Queensland’s LNP government, led by Premier Campbell Newman, is planning to call a snap election before the New South Wales election on March 28.
Although May 7 is widely tipped as Queensland’s election date, Crikey has learned that the LNP is considering dates in February. As a result, the Labor Party has placed itself on a war footing, with most of its advertising, leaflets, letters, placards and posters ready to go in the new year.
The earlier-than-expected election is being driven by the Coalition’s devastating loss in last month’s Victorian election, which ended Coalition rule after just one term in office. Polling showed that a significant factor was the deep unpopularity of the Abbott federal government and collateral damage from its first “horror” federal budget.
Yesterday’s official unemployment figures will not help the LNP’s case. They showed Queensland and Tasmania as the two states with the nation’s highest seasonally adjusted unemployment rate of 6.9%.
In the past four months Newman has spent more than $40 million on government advertising and consultants projecting his administration as “consultative”, “dynamic” and “caring”. The controversial government advertising campaign, which has been referred to the Queensland Auditor-General to decide whether the LNP should pay and not taxpayers, was designed to stop the LNP’s mid-year free-fall in the polls.
It might have arrested the numbers, but it has not reversed them. The most recent survey in Newman’s own inner-Brisbane seat of Ashgrove showed that the Premier was trailing his Labor rival Kate Jones 55-45. If those figures persist, Newman will lose his parliamentary career and the premiership in one fell swoop at the election.
In a deliberate bid to tone down his arrogance rating, Newman told Brisbane radio this week that the election “would be tight” and attempted to claim underdog status.
“The Labor Party could win with the support of independents and minor parties and if that was to happen, that would spell chaos for Queensland,” he warned.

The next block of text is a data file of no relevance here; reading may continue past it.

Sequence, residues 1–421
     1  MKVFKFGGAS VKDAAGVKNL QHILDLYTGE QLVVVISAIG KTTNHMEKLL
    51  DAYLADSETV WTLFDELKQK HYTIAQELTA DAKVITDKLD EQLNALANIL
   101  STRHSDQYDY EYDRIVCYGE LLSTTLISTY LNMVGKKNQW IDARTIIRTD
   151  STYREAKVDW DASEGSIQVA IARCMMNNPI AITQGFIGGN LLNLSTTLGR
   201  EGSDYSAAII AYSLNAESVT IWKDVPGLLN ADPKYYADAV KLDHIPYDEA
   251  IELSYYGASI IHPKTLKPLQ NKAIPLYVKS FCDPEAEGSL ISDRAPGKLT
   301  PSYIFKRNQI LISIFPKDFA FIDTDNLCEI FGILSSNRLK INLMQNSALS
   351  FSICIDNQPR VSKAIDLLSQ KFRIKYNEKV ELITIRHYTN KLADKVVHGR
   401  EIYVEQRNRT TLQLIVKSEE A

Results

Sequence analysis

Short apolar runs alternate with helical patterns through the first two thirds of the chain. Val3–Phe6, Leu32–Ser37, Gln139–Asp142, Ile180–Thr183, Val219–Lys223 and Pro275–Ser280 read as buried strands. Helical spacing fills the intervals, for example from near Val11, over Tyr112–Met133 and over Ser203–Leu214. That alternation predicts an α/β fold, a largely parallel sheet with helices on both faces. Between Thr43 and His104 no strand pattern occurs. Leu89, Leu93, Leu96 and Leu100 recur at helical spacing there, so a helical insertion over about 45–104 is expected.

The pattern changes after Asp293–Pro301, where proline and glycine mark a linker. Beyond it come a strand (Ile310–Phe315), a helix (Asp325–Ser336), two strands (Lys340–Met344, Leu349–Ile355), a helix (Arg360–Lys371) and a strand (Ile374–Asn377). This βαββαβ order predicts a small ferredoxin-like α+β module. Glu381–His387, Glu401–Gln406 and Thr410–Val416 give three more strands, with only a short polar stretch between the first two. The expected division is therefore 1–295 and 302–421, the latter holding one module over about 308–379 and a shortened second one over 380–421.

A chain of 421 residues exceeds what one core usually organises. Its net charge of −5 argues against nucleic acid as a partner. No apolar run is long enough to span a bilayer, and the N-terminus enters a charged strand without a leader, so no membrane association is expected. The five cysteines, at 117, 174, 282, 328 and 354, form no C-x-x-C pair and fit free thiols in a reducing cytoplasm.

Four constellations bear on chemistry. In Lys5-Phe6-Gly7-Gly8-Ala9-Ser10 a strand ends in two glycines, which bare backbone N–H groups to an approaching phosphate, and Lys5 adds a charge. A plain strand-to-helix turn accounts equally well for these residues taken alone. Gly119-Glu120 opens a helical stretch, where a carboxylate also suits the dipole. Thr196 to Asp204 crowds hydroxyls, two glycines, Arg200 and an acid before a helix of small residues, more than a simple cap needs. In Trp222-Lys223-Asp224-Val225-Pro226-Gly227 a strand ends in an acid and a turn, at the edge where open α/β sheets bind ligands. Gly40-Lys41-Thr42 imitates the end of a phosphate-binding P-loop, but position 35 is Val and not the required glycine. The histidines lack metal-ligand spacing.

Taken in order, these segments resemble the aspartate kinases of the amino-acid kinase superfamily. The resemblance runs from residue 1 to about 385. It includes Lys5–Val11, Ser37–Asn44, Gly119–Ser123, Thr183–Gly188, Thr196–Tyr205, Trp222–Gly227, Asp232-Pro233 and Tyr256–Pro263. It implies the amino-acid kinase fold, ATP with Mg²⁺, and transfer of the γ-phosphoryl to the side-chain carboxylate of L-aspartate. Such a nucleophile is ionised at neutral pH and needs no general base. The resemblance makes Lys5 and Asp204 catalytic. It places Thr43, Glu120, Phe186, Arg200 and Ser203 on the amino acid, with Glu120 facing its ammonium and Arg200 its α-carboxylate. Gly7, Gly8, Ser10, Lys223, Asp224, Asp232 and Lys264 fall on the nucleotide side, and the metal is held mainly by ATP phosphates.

His “disaster” prediction is a well-worn scare tactic. The sub-text is: “Either vote for us or you’ll get chaos.”
However, nobody expects Labor to win. Currently the LNP has 79 seats in Queensland’s single-house parliament to Labor’s nine, creating a deficit too far for Labor to conquer at a single election.
Having decided it cannot win government, Labor is determined to defeat Newman, the pugnacious former Brisbane lord mayor who is Tony Abbott’s principal political ally in the Sunshine State.
After the Victorian election, where federal issues were as volatile among voters as local ones, Queensland Labor is preparing to conduct a referendum on Abbott and Newman, the bogey men of the LNP.
While Abbott barnstormed Queensland in 2013 for his federal election victory over “I’m Kevin from Queensland” Rudd, he will be The Phantom (“The Ghost Who Walks”) during next year’s state election.
Sitting MPs and candidates are not rushing to book Abbott, Treasurer Joe Hockey, Education Minister Christopher Pyne or Health Minister Peter Dutton, a former Queensland police drug squad officer, to speak in their electorates.
For the moment, Newman is supporting every step of the Abbott government’s desperate strategy to remould its image on health, education, pensions and the environment.
Having spent millions to reverse his own imploding popularity, he is hoping the “new” Abbott will help his cause in Queensland and not repeat the toxic influence he had on Victorian voters.